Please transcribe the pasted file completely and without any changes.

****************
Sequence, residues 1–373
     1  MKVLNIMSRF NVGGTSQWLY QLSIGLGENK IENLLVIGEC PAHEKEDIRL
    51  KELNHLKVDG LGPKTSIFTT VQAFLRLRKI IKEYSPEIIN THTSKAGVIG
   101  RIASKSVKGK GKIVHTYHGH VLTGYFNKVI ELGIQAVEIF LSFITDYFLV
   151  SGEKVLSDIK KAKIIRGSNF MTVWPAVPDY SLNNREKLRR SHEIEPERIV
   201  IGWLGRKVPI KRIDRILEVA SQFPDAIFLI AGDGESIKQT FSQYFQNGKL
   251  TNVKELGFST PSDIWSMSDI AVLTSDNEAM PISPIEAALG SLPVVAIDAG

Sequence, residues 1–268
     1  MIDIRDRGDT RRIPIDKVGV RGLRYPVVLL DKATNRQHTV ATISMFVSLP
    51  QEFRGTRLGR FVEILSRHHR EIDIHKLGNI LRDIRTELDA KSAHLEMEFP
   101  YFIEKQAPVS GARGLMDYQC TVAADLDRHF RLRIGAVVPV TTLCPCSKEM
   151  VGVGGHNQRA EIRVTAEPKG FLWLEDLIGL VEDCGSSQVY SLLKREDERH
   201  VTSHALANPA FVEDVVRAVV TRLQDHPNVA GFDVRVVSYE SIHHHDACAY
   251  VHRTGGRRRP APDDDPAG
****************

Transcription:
Sequence, residues 1–373
     1  MKVLNIMSRF NVGGTSQWLY QLSIGLGENK IENLLVIGEC PAHEKEDIRL
    51  KELNHLKVDG LGPKTSIFTT VQAFLRLRKI IKEYSPEIIN THTSKAGVIG
   101  RIASKSVKGK GKIVHTYHGH VLTGYFNKVI ELGIQAVEIF LSFITDYFLV
   151  SGEKVLSDIK KAKIIRGSNF MTVWPAVPDY SLNNREKLRR SHEIEPERIV
   201  IGWLGRKVPI KRIDRILEVA SQFPDAIFLI AGDGESIKQT FSQYFQNGKL
   251  TNVKELGFST PSDIWSMSDI AVLTSDNEAM PISPIEAALG SLPVVAIDAG

Sequence, residues 1–268
     1  MIDIRDRGDT RRIPIDKVGV RGLRYPVVLL DKATNRQHTV ATISMFVSLP
    51  QEFRGTRLGR FVEILSRHHR EIDIHKLGNI LRDIRTELDA KSAHLEMEFP
   101  YFIEKQAPVS GARGLMDYQC TVAADLDRHF RLRIGAVVPV TTLCPCSKEM
   151  VGVGGHNQRA EIRVTAEPKG FLWLEDLIGL VEDCGSSQVY SLLKREDERH
   201  VTSHALANPA FVEDVVRAVV TRLQDHPNVA GFDVRVVSYE SIHHHDACAY
   251  VHRTGGRRRP APDDDPAG